North Carolina Highway Patrol Retirees' Association


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Subject: Account for Noah Katzenberger- Son of Sergeant J. P. Katzenbeger, B-123 The correspondence below from First Sergeant J. D. Aiken is provided for your information and dissemination to All SHP Users. On 3 July 2014, Noah Katzenberger, fourteen year old son of Sergeant Jake Katzenberger (B123), had emergency surgery. Since his surgery, he has been in the pediatric intensive care department of Cape Fear Valley Medical Center. He has had two major setbacks in his recovery and had another surgery on 18 July 2014. Sergeant Katzenberger and his wife Sherry, who is expecting a baby in five weeks, have been at his bedside from the beginning. Obviously, the bills are mounting up, both from the medical care and from food and gas. In order to help one of our own, an account has been created at the State Employees Credit Union. Donations can be made at any SECU location in the name of “Noah Katzenberger”. Any help would be welcomed and greatly appreciated. Remember to keep those prayers going for the Katzenberger’s as Noah had another emergency surgery performed on Saturday, 19 July 2014!

Thank you again, to everyone, for everything that you have done for and with us. All of our thanks and love, Jake, Sherry, Noah and Bab




The Parents who drugged us...

The other day I was in an old farmhouse in the adjoining county and someone asked me a rhetorical question, 'Why didn't we have a drug problem when you and I were growing up?' I replied that I had a drug problem when I was young:

I was drug to church on Sunday morning. I was drug to church for weddings and funerals. I was drug to family reunions and community socials no matter the weather.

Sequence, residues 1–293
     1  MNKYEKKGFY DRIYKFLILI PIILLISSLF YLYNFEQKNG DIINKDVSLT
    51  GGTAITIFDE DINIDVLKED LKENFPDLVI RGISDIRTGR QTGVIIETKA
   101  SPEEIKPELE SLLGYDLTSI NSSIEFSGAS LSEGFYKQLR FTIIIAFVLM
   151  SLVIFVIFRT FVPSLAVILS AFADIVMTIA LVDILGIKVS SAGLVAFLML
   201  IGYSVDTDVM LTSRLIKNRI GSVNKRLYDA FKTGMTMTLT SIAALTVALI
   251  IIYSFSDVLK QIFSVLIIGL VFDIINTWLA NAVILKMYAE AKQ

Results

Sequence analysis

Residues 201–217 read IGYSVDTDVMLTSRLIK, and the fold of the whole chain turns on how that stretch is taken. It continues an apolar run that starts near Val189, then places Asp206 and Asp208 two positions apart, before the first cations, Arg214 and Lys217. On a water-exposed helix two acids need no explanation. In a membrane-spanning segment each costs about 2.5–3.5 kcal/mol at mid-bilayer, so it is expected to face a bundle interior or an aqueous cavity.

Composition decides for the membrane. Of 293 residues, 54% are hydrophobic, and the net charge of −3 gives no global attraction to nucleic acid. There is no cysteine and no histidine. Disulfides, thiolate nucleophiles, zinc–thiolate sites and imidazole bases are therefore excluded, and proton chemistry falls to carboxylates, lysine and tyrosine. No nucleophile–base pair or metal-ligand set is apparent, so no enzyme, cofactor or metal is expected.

I was drug by my ears when I was disrespectful to adults. I was also drug to the woodshed when I disobeyed my parents, told a lie, brought home a bad report card, did not speak with respect, spoke ill of the teacher or the priest, or if I didn't put forth my best effort in everything that was asked of me.

I was drug to the kitchen sink to have my mouth washed out with soap if I uttered a profanity.

I was drug out to pull weeds in mom's garden and flower beds.

I was drug to the homes of neighbors to help mow the yard, repair the clothesline, and if my mother had ever known that I took a single dime as a tip for this kindness, my dad would have drug me back to the woodshed.

Those drugs are still in my veins and they affect my behavior in everything I do, say, or think. They are stronger than cocaine, crack, or heroin: and if today's children had this kind of drug problem, America would be a better place.

God bless the parents who drug us. 


Make a decision, But always keep your mind open.

Stay flexible and consider the possibility that you're wrong.

There might be a better way.

Like all weak men, he laid exaggerated stress on not changing one's mind.

W. Somerset Maugham